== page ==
Feeds

Councils clamp down on Strategy Boutique Newspeak

The end of blue sky horizon scanning coterminosity

Combat fraud and increase customer satisfaction

Free Whitepaper - Mainstreaming Process-Driven Holistic Governance

The Local Government Association (LGA) has issued a jargon death list featuring 200 of the worst Strategy Boutique abuses of the English language which will in future be consigned to the dustbin of linguistic history.

Among the outrages marked for proscription are "blue sky thinking", "holistic governance", "paradigm", "rebaselining", "synergies", "horizon scanning", "coterminosity" and the rather sensational "Predictors of Beaconicity".

According to the BBC, the LGA insists these and other affronts to common lexicographical decency must be avoided so that council staff can "communicate effectively".

LGA chairman Margaret Eaton said: "The public sector must not hide behind impenetrable jargon and phrases. Why do we have to have 'coterminous, stakeholder engagement' when we could just 'talk to people' instead?"

The main aim of the purge is, Eaton explained, so that people can "get access to the 800 different services that local government provides with taxpayers' money" - in plain English.

She added: "Unless information is given to people to explain what help they can get during a recession then it could well lead to more people ending up homeless or bankrupt. If a council fails to explain what it does in plain English then local people will fail to understand its relevance to them or why they should bother to turn out and vote."

A Plain English Campaign spokeswoman weighed in with: "This gobbledegook has to go. Jargon has its place within professions* but it should not be allowed to leak out to the public, as it causes confusion. It could even be used to cover up something more sinister. Churchill and Einstein were both plain speakers and they did OK. Councils should follow their lead."

If your nerves can stand it, ComputerWeekly has an extended list of the offending vocab here. ®

Bootnote

*We cordially invite the spokeswoman to spend a holistic power lunch brainstorming with Vulture Central's very own Strategy Boutique, after which she'll probably change her mind on that point.

Top three mobile application threats

More from The Register

next story
Och aye! It's the Loch Ness Monster – but only Apple fanbois can see it
Fondleslab-friendly beastie's wake spotted... OR WAS IT?
Spanish village called 'Kill the Jews' mulls rebranding exercise
Not exactly attractive to the Israeli tourist demographic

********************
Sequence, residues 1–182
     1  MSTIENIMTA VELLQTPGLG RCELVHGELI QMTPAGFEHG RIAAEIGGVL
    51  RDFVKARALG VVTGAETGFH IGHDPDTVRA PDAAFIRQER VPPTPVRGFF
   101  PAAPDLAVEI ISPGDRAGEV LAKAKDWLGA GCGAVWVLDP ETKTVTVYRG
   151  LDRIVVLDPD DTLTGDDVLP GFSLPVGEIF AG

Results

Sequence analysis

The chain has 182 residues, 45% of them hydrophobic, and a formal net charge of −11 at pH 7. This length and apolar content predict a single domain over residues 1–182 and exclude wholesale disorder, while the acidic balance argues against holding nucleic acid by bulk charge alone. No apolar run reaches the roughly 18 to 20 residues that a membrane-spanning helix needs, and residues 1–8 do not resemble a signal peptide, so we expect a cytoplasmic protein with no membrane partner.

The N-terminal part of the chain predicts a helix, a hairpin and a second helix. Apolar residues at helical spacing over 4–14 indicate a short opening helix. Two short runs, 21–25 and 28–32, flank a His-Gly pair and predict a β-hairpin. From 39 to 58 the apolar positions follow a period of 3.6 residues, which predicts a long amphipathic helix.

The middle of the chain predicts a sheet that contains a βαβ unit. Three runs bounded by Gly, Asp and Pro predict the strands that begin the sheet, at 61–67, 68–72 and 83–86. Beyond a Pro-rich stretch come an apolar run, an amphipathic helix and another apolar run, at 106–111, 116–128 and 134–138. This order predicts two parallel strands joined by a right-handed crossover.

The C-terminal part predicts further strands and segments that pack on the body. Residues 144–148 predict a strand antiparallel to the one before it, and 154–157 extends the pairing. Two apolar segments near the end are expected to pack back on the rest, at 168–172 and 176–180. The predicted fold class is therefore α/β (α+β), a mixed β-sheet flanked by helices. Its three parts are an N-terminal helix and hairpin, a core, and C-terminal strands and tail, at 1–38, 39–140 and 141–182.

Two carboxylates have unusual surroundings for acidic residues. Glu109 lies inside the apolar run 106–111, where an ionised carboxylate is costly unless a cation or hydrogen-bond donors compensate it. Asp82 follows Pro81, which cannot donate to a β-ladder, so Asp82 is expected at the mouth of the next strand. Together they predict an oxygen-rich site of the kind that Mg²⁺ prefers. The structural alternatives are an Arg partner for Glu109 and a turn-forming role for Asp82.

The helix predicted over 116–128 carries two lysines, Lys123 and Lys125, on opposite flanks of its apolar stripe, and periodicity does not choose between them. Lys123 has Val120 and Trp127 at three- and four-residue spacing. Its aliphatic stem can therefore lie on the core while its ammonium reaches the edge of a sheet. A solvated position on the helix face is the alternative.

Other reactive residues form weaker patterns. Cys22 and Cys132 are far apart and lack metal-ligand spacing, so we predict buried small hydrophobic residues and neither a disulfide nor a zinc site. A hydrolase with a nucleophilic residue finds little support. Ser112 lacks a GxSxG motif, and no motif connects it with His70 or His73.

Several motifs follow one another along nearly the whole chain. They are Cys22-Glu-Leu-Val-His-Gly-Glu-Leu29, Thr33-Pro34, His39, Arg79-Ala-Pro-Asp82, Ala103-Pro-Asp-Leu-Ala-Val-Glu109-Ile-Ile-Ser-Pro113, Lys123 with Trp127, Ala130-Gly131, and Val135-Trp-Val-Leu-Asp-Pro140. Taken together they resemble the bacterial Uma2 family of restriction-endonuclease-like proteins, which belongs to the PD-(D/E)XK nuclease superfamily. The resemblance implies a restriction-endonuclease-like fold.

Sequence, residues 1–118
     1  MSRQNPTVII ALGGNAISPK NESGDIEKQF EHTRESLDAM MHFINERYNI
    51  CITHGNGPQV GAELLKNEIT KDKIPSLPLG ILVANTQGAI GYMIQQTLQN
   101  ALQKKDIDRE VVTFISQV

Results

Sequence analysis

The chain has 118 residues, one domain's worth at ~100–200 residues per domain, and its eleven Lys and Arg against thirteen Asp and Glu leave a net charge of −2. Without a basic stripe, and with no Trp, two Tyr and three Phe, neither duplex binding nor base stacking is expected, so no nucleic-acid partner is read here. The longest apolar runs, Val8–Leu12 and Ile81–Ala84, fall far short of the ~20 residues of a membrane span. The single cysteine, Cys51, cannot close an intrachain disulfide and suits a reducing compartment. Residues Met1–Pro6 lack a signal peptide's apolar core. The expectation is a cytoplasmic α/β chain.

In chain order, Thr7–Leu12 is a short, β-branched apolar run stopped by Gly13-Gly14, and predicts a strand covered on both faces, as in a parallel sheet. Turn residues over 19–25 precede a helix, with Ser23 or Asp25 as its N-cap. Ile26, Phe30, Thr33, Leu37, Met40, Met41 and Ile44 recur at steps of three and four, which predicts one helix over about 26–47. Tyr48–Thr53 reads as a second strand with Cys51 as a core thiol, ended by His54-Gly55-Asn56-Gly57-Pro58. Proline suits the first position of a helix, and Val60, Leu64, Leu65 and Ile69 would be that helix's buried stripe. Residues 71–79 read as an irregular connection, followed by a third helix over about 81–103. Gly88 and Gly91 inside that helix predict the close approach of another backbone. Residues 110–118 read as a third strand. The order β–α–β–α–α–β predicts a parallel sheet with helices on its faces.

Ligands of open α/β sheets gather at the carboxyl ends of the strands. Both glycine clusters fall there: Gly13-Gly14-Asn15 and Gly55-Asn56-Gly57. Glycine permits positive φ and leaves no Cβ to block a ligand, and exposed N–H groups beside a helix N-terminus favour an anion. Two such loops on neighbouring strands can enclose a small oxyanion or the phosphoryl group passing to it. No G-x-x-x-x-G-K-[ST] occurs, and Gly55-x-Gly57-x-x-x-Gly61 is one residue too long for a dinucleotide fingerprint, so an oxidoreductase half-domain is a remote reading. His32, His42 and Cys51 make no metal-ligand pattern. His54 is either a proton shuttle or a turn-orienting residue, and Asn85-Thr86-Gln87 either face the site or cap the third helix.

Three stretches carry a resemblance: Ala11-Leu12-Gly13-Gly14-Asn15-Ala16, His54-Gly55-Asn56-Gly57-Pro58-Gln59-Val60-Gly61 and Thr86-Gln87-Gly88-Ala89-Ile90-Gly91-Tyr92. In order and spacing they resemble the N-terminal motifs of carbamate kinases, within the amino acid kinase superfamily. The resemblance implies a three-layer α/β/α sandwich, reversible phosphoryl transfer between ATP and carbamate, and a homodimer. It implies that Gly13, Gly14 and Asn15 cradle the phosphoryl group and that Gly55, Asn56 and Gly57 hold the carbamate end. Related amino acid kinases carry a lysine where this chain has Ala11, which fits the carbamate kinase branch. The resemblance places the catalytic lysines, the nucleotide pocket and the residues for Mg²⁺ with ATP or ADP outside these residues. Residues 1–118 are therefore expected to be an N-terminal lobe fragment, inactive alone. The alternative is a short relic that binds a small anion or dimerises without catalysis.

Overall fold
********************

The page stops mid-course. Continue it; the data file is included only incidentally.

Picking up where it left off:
Sleuths find nosy NORKS drones on the Chinternet
UAVs likely to have been made in the Middle Kingdom
Oz bank in comedy Heartbleed blog FAIL
Bank: 'We are now safely patched.' Customers: 'You were using OpenSSL?'
Dorian Nakamoto gets $23,000 payout over Bitcoin invention saga
Maintains he didn't create cryptocurrency, but will join community
Japanese boffin EYES up big bucks with strap-on digi-glasses
AgencyGlass saddles user with creepy OLED display
Forget the beach 'n' boardwalk, check out the Santa Cruz STEVE JOBS FOUNTAIN
Reg reader snaps shot of touching tribute to Apple icon
Happy 40th Playmobil: Reg looks back at small, rude world of our favourite tiny toys
Little men straddle LOHAN, attend tiny G20 Summit... ah, sweet memories...
prev story

Whitepapers

Mobile application security study
Download this report to see the alarming realities regarding the sheer number of applications vulnerable to attack, as well as the most common and easily addressable vulnerability errors.
3 Big data security analytics techniques
Applying these Big Data security analytics techniques can help you make your business safer by detecting attacks early, before significant damage is done.
The benefits of software based PBX
Why you should break free from your proprietary PBX and how to leverage your existing server hardware.
Securing web applications made simple and scalable
In this whitepaper learn how automated security testing can provide a simple and scalable way to protect your web applications.
Combat fraud and increase customer satisfaction
Based on their experience using HP ArcSight Enterprise Security Manager for IT security operations, Finansbank moved to HP ArcSight ESM for fraud management.